The year 2012 was marked by an abvious change in perspective. Before 2012 the Society of St. Pius X officially excluded the possibility of any "reconciliation" with Rome without the latter first coming back to the Traditional Magisterium. This position was founded on more than thirty years of dealing with Rome. But in 2012, the General Chapter explicitly allowed the possibility of a practical agreement with the current Roman authorities, without there being any doctrinal agreement, as was also confirmed on 27th June 2013 by the declaration of the Society's four-bishops-minus-one.

Fr. Jean OFM Cap., highlighted this decline in the fight for the faith:

"Over the years, Archbishop Lefebvre sought to discuss with Rome, all the way up to the Consecrations. [...] Archbishop had some more or less 'practical' declarations, such as saying 'Let us do the experiment of Tradition'. [...] Then he realised that he had gone too far, he said so, he recognised it. On 5th May [1988] when he signed the protocol, he went too far because he had compromised on the question of doctrine. He had put the practical side of things first. ... In Fideliter no.66, of December 1988, it has written on the cover: 'A une reprise des colloques je poserai mes conditions' ("If talks are renewed, I will put conditions") That's what Archbishop Lefebvre said after the consecrations, that's what he held to until the day of his death, that's what he left us. ... For years and years this principle was held onto. ... Unfortunately, for a little while now, we can say since the end of the Roman discussions, so Autumn 2011, little by little we are forced to note that the authorities of the Society have abandoned this principle."     

A Pastoral Hardening

Faced with faithful and clergy who dared to make public their opposition to this doctrinal weakening, the deviant authorities demonstrated a hardening, since as Louis Veuillot says: "There is no greater sectarian than a liberal."

One of the four bishops consacrated by Archbishop Lefebvre was thrown out, numerous priests have been forced out, children expelled from schools in the US, faithful fired, threatened with or actually denied the sacraments in France, England, Poland, Mexico, Uraguay, Argentina, Italy, etc. In France, one prior thought it fine to say to his faithful: "If I learn of people coming to Mass here who criticise the Society all week long, I won't hesitate to deny them the sacraments."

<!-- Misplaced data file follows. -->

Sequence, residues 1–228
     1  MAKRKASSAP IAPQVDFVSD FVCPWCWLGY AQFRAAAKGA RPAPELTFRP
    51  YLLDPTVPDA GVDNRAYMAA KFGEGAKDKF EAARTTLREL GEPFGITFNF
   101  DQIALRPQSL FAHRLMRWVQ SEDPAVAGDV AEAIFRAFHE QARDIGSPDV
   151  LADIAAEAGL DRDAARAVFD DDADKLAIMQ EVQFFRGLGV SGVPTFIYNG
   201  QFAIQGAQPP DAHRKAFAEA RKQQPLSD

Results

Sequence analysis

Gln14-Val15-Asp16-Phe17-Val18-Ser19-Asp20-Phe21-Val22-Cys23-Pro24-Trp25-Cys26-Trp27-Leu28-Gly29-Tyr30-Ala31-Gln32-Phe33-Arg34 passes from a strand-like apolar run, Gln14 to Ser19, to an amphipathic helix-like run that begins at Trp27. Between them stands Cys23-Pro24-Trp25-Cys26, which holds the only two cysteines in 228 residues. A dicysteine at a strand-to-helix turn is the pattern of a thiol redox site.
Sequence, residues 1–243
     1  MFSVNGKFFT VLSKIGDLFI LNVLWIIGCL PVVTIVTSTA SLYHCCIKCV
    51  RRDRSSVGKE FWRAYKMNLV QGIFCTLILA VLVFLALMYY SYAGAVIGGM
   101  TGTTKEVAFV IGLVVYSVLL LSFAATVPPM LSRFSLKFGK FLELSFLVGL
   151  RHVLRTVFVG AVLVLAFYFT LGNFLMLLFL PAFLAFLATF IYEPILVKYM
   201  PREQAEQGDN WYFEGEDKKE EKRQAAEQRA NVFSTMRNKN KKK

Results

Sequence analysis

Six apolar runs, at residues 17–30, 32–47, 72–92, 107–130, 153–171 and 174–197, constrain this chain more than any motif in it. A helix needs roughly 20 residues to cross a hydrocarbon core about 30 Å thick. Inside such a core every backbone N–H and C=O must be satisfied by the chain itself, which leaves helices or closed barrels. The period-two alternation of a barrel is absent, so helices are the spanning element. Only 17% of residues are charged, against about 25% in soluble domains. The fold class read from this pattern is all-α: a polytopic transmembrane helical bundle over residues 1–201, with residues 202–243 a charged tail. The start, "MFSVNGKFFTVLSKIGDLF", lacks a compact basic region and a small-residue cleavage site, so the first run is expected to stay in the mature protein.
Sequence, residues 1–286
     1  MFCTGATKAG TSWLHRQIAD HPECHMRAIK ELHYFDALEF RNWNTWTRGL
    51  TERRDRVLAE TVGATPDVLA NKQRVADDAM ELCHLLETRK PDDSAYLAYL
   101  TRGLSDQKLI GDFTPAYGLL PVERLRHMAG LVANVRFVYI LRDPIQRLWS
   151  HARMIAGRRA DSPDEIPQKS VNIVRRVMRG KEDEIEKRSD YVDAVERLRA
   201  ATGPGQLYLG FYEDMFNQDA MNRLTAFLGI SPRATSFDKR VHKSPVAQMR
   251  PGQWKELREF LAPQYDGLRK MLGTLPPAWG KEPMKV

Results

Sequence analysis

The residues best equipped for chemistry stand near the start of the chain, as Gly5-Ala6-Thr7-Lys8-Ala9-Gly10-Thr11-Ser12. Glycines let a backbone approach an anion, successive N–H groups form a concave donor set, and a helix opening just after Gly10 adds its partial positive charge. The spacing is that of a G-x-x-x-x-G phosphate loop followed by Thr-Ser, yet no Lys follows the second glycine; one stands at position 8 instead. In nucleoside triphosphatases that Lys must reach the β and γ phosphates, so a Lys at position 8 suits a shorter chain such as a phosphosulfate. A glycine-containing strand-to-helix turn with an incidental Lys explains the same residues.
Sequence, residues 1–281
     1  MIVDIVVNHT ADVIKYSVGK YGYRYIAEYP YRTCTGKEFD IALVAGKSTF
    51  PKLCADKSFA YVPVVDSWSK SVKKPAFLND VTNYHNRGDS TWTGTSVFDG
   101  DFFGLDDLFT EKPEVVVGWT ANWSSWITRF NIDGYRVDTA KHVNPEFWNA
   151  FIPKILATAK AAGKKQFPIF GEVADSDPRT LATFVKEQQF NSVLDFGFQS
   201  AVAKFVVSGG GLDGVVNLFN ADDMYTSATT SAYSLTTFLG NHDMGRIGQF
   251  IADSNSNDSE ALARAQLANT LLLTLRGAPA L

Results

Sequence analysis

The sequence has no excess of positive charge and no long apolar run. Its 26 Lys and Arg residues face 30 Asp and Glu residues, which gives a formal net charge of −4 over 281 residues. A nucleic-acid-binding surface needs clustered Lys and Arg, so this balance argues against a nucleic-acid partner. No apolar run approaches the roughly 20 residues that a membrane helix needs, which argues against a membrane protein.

For the same reason, in June 2012 the ordinations of the Capuchins and Dominicans were cancelled. To a priest who asked the rason for this, Bishop Fellay replied: "I felt a lack of personal trust from these communities... and ordaining a priest is such a serious thing that I preferred to wait..." (9th November 2012, Paris) To appreciate just how gotesque and monstrously arbitrary this answer is, the faithful need to know that the Capuchin deacons were already on retreat with the deacons of the Society when they were told that they would not be being ordained. Let us now compare this reaction of Bishop Fellay towards allied religious communities with how Archbishop Lefebvre reacted to Roman pressure:

"You know that the Nuncio came to demmand that I not proceed withthe ordinations, so of course I said to him: 'You can't just do something like that a mere ten days before the ordinations, that's just not possible. I would say even humanly speaking. These young priests have been working for the last five years to prepare for their ordination, and ten days before the ordination, even though their parents are ready to come, even though the First Masses have been announced everywhere, at that moment I am asked not to do the ordinations. Ordinations which are legitimate. These seminarians who have done regular studies have a natural right to have the result of the preparations that they have made.' "  (Cospec 32A)